Semyon Tilipman’s wife Tatiana’s first letter sent to the front

This is the first letter from my wife Tatiana Tilipman that I received at the front. June, 1942. Tatiana wrote this letter after she received information about my whereabouts and my field mail code from Department of the Soviet army communications. Tatiana mentions in her letters that she is sending two letters in case one gets lost. She cannot believe I am alive and she asks me to confirm this fact to her at the following address: Turkestan town of Yuzhno-Kazakhstan region, Kazakhstan.

In June 1941 after finishing her 4th year Tatiana was supposed to have practical training in a hospital in Pinsk or Brest. I recommended her father to obtain an invitation letter for her to work in the hospital in Chernovtsy village, Yampol district, Vinnitsa region. Tatiana went to stay with her parents and I stayed in Minsk. She evacuated with her parents and older brother Iosif. Her brother managed to evacuate his family and parents on a wagon driven by two horses. They crossed the Dnepr River in the vicinity of Kryukovo station. They went to Stalingrad by train and from there they headed to Turkestan station in Kazakhstan [3,000 km from Odessa]. Tatiana was a physician in Urtak kolkhoz. She lived with her parents. The kolkhoz accommodated them in a house with a garden.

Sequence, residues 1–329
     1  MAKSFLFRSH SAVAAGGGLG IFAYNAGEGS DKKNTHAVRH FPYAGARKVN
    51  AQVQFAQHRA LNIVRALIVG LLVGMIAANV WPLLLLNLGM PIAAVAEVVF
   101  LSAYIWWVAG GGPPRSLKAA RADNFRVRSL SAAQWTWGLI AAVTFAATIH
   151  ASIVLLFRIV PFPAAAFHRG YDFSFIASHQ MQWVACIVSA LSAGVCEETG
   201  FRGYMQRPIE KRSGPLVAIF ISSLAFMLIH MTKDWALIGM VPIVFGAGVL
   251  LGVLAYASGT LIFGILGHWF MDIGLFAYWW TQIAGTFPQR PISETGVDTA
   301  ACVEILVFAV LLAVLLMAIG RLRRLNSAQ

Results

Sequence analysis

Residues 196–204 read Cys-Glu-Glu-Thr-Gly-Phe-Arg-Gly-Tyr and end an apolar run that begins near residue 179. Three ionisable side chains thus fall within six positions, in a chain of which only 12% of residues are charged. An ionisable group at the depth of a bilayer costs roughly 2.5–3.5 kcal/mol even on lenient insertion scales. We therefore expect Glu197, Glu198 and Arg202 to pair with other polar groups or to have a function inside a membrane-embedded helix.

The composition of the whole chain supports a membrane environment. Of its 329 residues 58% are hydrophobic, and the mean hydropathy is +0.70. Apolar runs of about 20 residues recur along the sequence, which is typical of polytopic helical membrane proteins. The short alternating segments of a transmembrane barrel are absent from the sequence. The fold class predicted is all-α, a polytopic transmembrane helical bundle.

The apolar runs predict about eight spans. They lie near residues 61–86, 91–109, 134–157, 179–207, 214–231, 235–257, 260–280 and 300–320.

I would like to say that during the war people treated letters with special care. Field mail communications were very reliable. At least letters found us wherever we moved. There were never long delays with delivery of letters to and from the front. A postman at the front was a very special person. Letters from the front could have been different; they might bring sad news, but letters from the rear usually brought good news from families. I do think that a postman is a very kind and hearty profession, military postmen in particular. My wife and I even established our own communication at the front. I wrote her 'You will look at the Moon and so will I and it will be our date' - like satellite communications nowadays. I've kept few hundreds of her letters through the war. I carried them in my backpack. My letters to her were lost in evacuation.